By the deed of November 30, 1723 the newlyweds, Joseph and Mary (Martin) Codey sold their homestead next to her parents' place in Ipswich and followed Philip and Martha to Hopkinton.

The deed describes the parcel as " acre and three Quarters of upland in Chebacco In Ipswich aforesd with Dwelling houfe Barn and Orchard thereon Said Land is Situated Lying and being upon the hill called the Burying hill in sd Chebacco as it is hereafter Bounded and contains by Estimation one acre and three Quarters as aforesd be the Same more or Less bounded westerly upon the Road leading to Glocester Southerly on Land of Mr. Abraham Martin northerly on Land of Capt. Adam Cogswell and Land of the Burying Place of sd Chebacco..." neglecting the easterly bound, formed naturally by a swampy brook. The green outline is about 70 yards by 120, or 1¾ acres.


The settlement of Chebacco began in 1634 when the town of Ipswich granted William White and Goodman Bradstreet lands just south of Castle Neck River. The Cogswells came in 1636, and by the 1670s forty families including the Goodhues, Varneys and Martins lived there. A parish was established in 1679 with the raising of a meetinghouse and installation of the minister, Rev. John Wise by leave of the Salem General Court. Joseph's wife, Mary, was Abraham and Sarah Martin's daughter and probably got the land as her dowery.

Chebacco was incorporated as the town of Essex in 1819 and "the Burying Place of sd Chebacco" is now called the Old Burying Ground. The USGS map shows a plot outlined and designated as a cemetery by a cross. The last interment was in 1897, and it is now a National Historical Site containing the grave of Rev. John Wise, the minister in Chebacco from 1679 to 1725, who probably performed their marriage in 1723.

This burying place, outlined in yellow, was established in 1680 and fenced with a stone wall in 1712, probably with Abraham Martin's help.

Until then, the dead of Chebacco were carried on "a bier upon the shoulders of men" for the four or more miles to Ipswich center for burial. Chebacco had no family burial plots, as it was the custom of those who settled in Chebacco to inter their dead in one burial ground which served the whole community.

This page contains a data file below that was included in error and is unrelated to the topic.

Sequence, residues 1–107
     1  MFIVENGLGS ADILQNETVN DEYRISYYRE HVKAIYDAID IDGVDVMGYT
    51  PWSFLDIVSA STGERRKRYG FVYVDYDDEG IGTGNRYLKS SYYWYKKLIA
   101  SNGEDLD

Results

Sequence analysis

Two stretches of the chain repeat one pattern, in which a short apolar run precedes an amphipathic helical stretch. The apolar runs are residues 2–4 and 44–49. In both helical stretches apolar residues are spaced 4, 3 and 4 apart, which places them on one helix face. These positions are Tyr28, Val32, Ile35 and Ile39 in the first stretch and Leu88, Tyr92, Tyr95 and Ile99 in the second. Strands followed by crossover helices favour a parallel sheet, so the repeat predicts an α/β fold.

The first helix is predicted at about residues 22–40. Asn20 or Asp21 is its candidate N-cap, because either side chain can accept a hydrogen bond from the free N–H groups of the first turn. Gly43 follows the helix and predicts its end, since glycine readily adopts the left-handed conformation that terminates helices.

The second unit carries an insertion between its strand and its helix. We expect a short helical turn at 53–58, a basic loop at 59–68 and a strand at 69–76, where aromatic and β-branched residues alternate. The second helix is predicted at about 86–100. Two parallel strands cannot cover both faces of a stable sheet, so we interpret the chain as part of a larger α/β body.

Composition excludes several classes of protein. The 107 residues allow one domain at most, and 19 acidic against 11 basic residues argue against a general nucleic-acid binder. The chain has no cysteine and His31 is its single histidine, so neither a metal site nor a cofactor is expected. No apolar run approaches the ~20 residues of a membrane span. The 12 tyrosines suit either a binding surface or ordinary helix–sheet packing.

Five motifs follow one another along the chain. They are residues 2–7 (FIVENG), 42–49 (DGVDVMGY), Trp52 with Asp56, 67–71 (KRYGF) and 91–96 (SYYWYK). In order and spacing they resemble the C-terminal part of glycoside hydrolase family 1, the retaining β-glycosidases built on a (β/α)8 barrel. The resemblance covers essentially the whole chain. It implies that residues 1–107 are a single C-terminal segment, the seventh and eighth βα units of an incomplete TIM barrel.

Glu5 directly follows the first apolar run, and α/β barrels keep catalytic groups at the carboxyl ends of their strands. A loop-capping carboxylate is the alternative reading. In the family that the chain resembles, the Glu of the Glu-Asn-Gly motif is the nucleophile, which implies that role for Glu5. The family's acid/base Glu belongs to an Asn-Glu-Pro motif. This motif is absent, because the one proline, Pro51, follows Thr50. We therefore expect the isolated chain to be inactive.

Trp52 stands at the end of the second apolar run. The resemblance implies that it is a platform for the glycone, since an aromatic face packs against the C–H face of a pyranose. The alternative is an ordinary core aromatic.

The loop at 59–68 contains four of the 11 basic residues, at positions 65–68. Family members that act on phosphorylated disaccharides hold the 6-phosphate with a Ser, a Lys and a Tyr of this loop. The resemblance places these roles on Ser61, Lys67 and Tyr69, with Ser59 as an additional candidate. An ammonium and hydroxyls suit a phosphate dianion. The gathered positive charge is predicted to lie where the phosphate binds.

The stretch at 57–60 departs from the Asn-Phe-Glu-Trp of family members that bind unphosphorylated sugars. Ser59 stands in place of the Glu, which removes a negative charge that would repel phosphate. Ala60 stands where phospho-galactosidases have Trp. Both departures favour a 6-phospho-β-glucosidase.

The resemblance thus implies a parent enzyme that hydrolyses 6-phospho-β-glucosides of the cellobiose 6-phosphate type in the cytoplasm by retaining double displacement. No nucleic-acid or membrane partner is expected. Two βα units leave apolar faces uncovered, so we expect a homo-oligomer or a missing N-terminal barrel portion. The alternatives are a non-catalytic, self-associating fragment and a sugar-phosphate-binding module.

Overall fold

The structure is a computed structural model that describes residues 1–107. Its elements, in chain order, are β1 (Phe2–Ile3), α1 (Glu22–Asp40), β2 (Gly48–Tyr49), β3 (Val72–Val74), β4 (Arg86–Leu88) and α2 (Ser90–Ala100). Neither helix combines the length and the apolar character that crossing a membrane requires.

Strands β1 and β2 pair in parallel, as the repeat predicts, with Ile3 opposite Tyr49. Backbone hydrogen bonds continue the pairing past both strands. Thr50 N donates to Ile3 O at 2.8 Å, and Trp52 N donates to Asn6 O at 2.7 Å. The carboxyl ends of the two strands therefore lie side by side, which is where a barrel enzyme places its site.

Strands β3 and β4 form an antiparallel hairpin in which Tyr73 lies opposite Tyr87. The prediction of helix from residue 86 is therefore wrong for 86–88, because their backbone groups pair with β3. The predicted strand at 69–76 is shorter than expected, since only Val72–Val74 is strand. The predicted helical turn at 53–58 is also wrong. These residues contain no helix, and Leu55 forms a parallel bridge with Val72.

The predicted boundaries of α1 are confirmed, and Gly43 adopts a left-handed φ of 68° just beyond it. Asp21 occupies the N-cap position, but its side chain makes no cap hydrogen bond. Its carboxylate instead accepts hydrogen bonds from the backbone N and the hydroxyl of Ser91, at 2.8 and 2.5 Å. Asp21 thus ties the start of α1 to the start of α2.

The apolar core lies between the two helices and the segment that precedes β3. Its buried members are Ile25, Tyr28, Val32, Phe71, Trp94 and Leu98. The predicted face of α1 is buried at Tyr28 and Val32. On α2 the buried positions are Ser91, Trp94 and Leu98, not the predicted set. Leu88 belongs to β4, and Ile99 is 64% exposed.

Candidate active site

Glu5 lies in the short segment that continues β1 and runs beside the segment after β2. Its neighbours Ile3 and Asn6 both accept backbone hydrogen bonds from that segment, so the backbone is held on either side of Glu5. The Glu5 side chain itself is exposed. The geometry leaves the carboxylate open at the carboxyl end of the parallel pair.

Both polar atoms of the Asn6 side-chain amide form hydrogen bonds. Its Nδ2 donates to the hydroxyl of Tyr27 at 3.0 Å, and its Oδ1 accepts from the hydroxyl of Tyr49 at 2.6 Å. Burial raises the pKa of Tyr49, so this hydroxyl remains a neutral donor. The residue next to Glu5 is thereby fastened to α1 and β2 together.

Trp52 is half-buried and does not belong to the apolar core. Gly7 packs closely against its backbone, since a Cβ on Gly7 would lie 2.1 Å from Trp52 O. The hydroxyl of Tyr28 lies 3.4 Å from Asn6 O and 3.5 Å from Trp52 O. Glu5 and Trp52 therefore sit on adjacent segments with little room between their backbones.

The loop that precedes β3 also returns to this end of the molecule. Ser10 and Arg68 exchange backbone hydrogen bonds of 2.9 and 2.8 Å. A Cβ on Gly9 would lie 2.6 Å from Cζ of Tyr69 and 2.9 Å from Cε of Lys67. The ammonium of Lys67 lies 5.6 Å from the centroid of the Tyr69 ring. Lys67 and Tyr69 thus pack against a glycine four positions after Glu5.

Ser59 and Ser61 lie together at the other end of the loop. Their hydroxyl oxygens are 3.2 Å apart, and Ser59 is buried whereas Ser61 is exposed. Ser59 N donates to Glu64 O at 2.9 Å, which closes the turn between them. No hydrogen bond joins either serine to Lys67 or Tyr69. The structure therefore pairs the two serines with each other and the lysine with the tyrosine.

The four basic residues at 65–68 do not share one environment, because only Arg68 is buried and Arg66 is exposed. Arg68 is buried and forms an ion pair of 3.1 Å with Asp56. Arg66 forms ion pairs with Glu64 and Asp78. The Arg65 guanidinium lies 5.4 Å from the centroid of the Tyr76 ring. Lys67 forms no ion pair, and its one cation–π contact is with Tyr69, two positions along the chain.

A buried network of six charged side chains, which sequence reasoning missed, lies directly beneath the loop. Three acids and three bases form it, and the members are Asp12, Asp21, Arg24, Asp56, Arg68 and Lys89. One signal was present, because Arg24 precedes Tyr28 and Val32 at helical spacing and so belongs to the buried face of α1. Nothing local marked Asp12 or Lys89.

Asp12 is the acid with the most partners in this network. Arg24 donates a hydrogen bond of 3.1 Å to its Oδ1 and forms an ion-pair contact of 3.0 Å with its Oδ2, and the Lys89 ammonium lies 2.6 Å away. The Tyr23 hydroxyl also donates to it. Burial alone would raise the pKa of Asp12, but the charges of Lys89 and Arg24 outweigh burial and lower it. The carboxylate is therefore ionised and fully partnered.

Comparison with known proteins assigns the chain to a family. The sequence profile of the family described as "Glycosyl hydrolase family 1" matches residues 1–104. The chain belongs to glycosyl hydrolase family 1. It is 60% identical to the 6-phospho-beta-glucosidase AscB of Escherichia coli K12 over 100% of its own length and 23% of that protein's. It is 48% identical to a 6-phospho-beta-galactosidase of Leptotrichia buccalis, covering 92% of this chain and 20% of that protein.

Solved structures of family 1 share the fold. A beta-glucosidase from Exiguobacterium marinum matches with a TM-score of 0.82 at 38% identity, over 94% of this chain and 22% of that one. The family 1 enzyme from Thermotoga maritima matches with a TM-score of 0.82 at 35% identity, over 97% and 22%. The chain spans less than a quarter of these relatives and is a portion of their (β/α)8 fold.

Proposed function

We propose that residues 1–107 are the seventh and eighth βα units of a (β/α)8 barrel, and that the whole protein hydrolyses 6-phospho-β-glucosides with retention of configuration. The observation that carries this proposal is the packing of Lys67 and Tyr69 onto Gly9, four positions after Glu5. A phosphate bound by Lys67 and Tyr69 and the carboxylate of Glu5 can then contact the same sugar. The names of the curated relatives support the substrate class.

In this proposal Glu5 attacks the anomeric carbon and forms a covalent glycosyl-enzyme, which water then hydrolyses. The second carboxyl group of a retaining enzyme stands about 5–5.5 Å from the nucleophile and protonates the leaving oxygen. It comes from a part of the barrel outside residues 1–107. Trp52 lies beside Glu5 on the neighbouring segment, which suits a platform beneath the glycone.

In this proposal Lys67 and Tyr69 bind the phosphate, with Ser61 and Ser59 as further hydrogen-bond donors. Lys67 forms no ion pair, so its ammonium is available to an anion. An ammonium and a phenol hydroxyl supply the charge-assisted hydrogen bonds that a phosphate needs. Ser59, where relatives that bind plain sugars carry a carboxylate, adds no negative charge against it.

The land for a burial place was given by Mr. Cogswell, on a little knoll, later called Meeting House Hill. A road from Ipswich to Gloucester had run past Mr. Cogswell's house, then over a bridge to Billy's Point on the other side of the Essex River. That bridge did not stand for very long, probably carried away by flooding and ice. About the time that the burying ground was granted, a new bridge was built where the present bridge across the Essex River now stands. Although the burying ground was sited on the new route that connected Essex center to South Essex, it was not placed near the church, nor near the common. As was typical in 17th century New England, the graveyard was municipal property, not connected directly with the church.

Meanwhile, there is an old story that says...

Underneath the hearse house is said to be a common grave for the empty caskets of "not less than eight bodies" which had been disinterred and used for "anatomical purposes" by a doctor Thomas Sewall over a period of time. His heinous activities were discovered in 1818. Although the consistency of the historical records vary in relating of details concerning this infamous incident, a sermon published at the time seems to contain the most accurate information

Below is a satellite photo of the part of Essex mentioned in the deed, measuring .236 miles by .33 miles. The Old Burying Ground, just north of the Essex Shipbuilding Museum, is outlined in yellow and measures about 60 by 90 yards, or 1.2 acres. The Old Burying Ground was granted as a one acre parcel and two small parcels were added after 1838. The Ipswich to Gloucester Road is now Main Street, but the Town Landing is still the way to the sea.

The International Cody Family Association